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Preparing Children for the Knowledge of Their Native Land

Download the article: Preparing Children for the Knowledge of Their Native Land
by Roy Wilkinson

Originally published in Child and Man, A Journal for Rudolf Steiner Education, 1948, Vol. 1, No.2 (UK)

Although knowledge of their surroundings in its common sense is not given to children until third grade, it is a subject which can be prepared in the first grade of a Rudolf Steiner School, and to my mind it is one of the most fascinating and comprehensive. It seems to include the teaching of everything not specifically mentioned otherwise. In talking with other teachers, I have often had the impression that they did not know how to approach it. Now fools rush in where wise men fear to tread, and I feel I should state that this article contains my own thoughts on the subject and a description of my own attempts to present it, based of course on such indications of Rudolf Steiner’s as are available.

We are told in the curriculum for the third grade that the object of this teaching is to awaken the dreaming child to a consciousness of his environment. At the age of six or seven, however, he is still a part of his environment; he does not yet stand objectively towards the outer world. In world history also there was a time when man was not aware of himself so strongly as a conscious individuality. He felt “the same thing that makes the sun rise and the winds blow moves my arms and feet.” Similarly the child is still “carried,” as it were, by a power outside of himself. This enters him gradually—we speak of “taking possession of oneself.” Education furthers this process, and it is the task of the educator to help the child to connect himself more consciously with his surroundings.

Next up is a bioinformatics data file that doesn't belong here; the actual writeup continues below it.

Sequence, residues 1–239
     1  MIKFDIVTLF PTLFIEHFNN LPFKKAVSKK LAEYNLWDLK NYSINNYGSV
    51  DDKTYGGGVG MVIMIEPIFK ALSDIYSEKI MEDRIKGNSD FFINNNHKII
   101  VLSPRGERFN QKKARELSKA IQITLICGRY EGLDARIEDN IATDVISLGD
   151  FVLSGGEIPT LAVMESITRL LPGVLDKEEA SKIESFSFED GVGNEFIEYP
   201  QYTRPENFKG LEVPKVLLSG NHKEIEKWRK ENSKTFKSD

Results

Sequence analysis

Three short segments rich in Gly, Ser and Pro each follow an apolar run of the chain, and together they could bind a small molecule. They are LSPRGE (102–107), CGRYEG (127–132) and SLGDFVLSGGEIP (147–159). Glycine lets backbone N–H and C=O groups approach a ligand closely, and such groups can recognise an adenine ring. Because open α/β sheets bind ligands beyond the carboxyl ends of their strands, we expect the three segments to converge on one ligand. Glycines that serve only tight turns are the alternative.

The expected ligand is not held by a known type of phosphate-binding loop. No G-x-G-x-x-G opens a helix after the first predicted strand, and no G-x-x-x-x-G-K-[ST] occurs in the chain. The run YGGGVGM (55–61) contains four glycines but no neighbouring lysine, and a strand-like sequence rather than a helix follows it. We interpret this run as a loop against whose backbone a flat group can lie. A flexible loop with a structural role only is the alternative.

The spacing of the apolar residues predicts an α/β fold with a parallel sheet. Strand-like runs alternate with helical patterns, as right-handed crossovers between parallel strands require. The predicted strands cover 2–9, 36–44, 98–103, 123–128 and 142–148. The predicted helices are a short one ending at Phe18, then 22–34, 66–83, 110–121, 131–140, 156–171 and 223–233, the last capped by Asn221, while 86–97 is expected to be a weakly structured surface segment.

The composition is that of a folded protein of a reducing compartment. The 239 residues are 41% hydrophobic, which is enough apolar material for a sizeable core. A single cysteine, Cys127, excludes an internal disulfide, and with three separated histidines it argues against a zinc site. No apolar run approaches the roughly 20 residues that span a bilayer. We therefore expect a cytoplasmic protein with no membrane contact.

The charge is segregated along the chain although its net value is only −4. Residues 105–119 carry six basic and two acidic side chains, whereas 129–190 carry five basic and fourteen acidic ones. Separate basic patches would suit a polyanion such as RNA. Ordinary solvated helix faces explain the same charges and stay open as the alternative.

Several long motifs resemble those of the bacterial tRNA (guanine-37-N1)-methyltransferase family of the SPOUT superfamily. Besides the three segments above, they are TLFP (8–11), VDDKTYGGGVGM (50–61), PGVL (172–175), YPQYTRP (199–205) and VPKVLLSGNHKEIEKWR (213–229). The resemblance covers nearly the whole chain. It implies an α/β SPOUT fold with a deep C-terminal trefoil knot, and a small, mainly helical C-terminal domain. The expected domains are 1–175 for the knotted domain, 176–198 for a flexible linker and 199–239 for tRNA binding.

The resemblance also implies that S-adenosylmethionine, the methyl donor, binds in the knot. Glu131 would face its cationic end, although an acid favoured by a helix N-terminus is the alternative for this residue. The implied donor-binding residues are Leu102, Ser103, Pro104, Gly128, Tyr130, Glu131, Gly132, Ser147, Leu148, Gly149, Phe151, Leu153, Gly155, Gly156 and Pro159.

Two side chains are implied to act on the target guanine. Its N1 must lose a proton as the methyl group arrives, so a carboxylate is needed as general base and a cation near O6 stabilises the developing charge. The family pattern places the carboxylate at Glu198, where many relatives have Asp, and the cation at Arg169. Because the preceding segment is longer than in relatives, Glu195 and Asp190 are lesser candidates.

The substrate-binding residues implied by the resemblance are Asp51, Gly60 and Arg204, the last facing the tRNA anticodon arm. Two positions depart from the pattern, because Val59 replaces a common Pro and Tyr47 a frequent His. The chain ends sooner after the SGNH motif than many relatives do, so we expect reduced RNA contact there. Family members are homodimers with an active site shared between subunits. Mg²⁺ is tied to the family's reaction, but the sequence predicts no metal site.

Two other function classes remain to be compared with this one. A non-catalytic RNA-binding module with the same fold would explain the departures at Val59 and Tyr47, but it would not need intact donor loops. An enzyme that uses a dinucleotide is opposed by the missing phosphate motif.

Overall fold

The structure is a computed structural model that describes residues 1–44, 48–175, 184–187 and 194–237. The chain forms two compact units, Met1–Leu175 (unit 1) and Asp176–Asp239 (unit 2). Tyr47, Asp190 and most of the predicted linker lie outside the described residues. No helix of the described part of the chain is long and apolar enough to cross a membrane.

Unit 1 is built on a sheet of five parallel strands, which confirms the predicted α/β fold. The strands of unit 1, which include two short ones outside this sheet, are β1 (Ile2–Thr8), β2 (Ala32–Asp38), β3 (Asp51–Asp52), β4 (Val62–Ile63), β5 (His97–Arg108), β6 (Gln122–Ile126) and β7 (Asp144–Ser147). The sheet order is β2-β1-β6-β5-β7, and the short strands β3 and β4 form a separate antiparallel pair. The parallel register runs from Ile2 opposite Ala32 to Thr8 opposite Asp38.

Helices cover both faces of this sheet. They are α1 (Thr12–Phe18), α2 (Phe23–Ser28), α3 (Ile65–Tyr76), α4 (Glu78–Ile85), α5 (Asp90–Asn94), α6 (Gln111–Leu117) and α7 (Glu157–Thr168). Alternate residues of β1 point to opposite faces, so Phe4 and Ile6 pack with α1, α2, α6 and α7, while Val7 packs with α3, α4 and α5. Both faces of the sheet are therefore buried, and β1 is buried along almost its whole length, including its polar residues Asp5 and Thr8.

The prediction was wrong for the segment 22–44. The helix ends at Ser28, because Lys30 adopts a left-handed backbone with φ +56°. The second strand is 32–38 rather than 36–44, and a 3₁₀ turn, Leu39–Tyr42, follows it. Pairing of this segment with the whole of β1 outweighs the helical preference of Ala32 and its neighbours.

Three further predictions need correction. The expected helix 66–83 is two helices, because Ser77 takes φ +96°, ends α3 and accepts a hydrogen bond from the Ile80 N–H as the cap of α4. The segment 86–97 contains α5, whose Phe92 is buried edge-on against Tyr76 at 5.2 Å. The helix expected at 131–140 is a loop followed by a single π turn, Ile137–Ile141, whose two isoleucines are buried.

How does the teacher set about this task? In the first place he must attain some clarity as to the state of the child’s mind at this stage. It is too easy to think of the child as a small-sized edition of the adult and to adjust our arrangements accordingly. It is an extraordinarily difficult thing for an adult to try to put himself in the place of the child. Certain symptoms are, however, clear. It is a generally accepted tenet in teaching that one should begin with the known and proceed to the unknown. The question we must first of all answer, however, is, “What is known to the young child?”

Life is a gradual incarnation. From regions far away the soul descends to earth and takes on a physical body. For the first few years of his life it is obvious that a child is not master of himself. The baby sleeps most of the time, or, to express it in another way, spends most of the time in its spiritual home. It is dependent on the adult for everything. For the first few months it has even to receive its earthly food via another body. The eyes do not fix objects. Only gradually do the faculties of consciousness develop. Seeing, hearing, walking, speaking—all show that the spirit is assuming greater mastery of the body.

At six or seven the child comes to school and his formal education begins. What is his state of mind? One look into the eyes of the children of a first grade on their first day at school can be very revealing. It is not so very long ago that they left the spiritual world, and every teacher must feel—to use a hackneyed but expressive phrase—that he must “let them down lightly.” Many things are familiar to them that grownups no longer understand, as, for instance, the working of the fairies. Everything lives for the child. Toys, pets, dolls, dogs, cats—all speak and converse with one another. Even in the lifeless, the child experiences the living. Whereas the adult kills life in order to know, the children experience life in what is apparently dead. In drawing and painting, while children of six or seven years can produce very beautiful pictures, one sees that they have no sense of perspective or accuracy. In illustrating a fable the frog may be quite as big as the bull, and neither of them will have much resemblance to the original. Only at the age of nine or ten does the child begin to be really conscious of his immediate surroundings in the ordinarily accepted sense. Our curriculum is so arranged to meet
this changing need.

Obviously the young child has no use for scientific data or abstract descriptions. Anything taught under the heading “Knowledge of One’s Native Land” must be presented in an imaginative way, as if the mountains and trees and flowers were speaking with one another. In this way, true scientific fact can be given but in story form; and later on in school life, when this subject has been transformed into geography, geology, botany, zoology and kindred subjects, reference can be made to these stories which had made a deep impression on the child’s mind and which, in the meantime, have undergone some form of digestion.